Most evangelical churches today have some sort of small group ministry. In various ways, each congregation tries to create a sense of biblical, Christian community. Community is good, but we must be careful not to make an idol of it.
The Blessing of Community
I’ve never been more excited about our community group. The Lord has been gracious to increase our numbers, grant us joyful fellowship, and give us opportunities to grow in obedience to Him. But sometimes I catch myself talking more about community than Christ.
For every situation it seems community is the answer. If someone is struggling with sin, they’ll get accountability in the community group. If someone is looking for a spouse, we can hook them up with the perfect guy or lady in our group. If a person is ill, they’ll get prayers from members of the community. If someone has a baby, count on the community to bring over meals and onesies.
Community is a Command
All of this is true, of course. Community is one instrument God uses to invite us into a relationship with Him. Christ Himself instructs His followers to live in community with one another and the rest of Scripture echoes His words often.
- “A new commandment I give to you, that you love one another” (Jn. 13:34).
- “Therefore encourage one another and build one another up” (1 Thess. 5:11).
- “Therefore confess your sins to one another and pray for one another” (Js. 5:16).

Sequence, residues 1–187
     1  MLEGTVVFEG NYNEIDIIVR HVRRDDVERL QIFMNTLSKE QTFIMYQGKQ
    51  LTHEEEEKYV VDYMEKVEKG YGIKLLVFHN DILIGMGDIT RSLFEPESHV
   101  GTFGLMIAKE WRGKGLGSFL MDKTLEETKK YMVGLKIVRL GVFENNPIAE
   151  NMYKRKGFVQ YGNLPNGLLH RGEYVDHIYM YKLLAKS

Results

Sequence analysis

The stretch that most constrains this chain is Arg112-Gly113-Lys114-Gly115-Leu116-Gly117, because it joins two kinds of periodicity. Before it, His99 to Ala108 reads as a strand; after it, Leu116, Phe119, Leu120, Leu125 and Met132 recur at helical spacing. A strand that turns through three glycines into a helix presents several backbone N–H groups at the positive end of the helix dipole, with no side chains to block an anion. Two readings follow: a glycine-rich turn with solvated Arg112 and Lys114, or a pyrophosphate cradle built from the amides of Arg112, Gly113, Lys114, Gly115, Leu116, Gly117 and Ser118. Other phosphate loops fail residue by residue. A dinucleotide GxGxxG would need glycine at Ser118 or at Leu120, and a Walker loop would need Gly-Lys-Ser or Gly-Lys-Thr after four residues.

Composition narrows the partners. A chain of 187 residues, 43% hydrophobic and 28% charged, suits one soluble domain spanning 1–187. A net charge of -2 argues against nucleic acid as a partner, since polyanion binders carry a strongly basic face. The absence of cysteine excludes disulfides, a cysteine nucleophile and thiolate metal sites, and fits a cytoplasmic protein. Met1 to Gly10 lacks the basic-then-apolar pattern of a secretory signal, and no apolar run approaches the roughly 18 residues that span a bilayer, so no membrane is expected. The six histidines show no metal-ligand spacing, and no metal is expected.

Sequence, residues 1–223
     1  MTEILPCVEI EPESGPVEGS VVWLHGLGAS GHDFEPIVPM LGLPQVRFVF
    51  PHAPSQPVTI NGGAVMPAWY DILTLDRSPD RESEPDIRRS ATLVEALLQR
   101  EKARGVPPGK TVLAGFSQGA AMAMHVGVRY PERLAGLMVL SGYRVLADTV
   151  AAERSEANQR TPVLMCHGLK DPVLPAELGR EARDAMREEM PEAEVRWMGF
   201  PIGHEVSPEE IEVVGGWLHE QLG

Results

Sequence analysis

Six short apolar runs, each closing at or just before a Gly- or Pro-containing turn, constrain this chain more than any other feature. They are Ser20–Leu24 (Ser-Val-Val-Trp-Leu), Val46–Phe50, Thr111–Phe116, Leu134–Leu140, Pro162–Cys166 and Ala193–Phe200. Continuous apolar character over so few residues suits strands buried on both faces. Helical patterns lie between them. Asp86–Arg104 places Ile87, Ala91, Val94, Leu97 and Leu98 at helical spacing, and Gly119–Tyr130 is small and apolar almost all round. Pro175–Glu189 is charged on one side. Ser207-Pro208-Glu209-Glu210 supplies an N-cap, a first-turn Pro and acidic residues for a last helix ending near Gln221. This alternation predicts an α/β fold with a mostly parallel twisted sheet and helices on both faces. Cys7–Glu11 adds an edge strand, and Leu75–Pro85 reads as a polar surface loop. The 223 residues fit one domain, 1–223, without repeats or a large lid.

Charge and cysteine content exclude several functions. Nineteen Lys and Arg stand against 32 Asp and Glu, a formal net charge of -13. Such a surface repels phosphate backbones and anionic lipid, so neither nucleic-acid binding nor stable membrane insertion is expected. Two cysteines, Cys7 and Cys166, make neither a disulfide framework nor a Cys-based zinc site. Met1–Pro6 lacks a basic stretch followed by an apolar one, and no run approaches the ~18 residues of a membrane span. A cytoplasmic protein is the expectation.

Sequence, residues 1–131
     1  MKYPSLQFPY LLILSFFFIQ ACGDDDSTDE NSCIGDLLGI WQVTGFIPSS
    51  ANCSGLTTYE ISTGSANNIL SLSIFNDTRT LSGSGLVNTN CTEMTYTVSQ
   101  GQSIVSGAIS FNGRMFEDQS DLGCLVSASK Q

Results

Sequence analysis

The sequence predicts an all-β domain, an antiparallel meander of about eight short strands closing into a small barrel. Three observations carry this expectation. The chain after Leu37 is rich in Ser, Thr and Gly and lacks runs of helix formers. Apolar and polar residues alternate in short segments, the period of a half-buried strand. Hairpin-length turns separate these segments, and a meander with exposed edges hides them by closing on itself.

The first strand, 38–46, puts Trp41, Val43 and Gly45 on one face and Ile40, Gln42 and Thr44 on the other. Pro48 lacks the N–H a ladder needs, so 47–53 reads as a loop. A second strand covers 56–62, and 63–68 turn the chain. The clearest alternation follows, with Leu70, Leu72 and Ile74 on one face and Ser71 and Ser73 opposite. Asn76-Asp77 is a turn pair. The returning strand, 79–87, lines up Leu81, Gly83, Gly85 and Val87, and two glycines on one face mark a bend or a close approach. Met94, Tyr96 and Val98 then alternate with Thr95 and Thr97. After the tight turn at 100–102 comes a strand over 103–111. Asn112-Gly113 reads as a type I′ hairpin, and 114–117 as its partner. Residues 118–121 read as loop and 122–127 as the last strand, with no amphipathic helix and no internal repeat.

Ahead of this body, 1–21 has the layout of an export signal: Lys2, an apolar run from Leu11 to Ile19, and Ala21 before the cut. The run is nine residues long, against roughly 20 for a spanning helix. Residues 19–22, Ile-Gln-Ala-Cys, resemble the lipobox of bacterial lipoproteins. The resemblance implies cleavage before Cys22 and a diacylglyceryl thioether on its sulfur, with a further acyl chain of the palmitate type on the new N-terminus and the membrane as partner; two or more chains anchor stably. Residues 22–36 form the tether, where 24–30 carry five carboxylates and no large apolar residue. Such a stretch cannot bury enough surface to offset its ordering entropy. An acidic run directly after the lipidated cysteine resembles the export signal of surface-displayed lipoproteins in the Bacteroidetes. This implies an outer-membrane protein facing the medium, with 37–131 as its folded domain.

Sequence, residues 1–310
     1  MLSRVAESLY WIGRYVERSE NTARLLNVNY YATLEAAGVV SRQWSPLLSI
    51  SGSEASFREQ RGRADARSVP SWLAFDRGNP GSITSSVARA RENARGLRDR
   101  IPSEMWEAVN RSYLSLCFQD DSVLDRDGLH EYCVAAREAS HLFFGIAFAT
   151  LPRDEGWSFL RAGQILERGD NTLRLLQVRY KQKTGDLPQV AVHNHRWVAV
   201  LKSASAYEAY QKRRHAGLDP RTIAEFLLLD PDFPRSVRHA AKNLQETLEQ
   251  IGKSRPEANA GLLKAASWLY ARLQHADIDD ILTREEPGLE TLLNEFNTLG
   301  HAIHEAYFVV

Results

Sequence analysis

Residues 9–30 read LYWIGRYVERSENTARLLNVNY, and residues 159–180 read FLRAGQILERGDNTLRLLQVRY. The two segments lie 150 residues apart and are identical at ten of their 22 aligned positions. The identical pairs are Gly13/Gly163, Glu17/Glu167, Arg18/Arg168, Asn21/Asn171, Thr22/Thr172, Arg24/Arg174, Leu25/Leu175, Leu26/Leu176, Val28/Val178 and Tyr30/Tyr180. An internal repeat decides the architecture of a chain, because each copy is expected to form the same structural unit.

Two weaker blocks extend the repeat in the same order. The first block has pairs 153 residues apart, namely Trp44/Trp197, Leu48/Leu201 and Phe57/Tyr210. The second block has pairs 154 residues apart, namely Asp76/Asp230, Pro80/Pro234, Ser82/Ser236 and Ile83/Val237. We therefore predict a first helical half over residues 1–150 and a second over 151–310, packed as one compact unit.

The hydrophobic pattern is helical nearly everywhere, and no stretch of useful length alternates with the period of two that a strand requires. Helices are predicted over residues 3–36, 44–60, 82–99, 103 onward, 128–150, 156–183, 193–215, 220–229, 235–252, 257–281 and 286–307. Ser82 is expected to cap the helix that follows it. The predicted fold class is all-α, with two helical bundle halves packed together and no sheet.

- “And all who believed were together and had all things in common” (Acts 2:44).
But we must be careful not to attribute to community what only Christ can do. Community is a means to an end, not the end itself. We always face the temptation of making something good into something ultimate. If we misconstrue community as the highest good a Christian can experience then we’ve fashioned an idol.
How do you know if you’re making an idol out of community? Analyze your thoughts and feelings.
Do you rejoice more in the blessings of community than the God who makes community possible? Do you talk more to the members of your group than you do to Christ? Does your enthusiasm about your community group cover a lack of enthusiasm for Jesus? Do you care more about pleasing certain members of your group than pleasing the Lord? Do you get more excited about going to your gatherings than you do about going to God?
Christ is the Cornerstone
All of us experience a blend of motives. Even at our best, we never fully release our idols or completely embrace our Savior. But we have to recognize the tendency to pervert even God’s blessings into something that glorifies self. And struggling with all of His might, look to Jesus, the founder and finisher of our faith (Hb. 12:2). Christ is the cornerstone of community. If we lose Him, then the entire structure topples.
Community is a gift from God, but we must be careful not to make it an idol.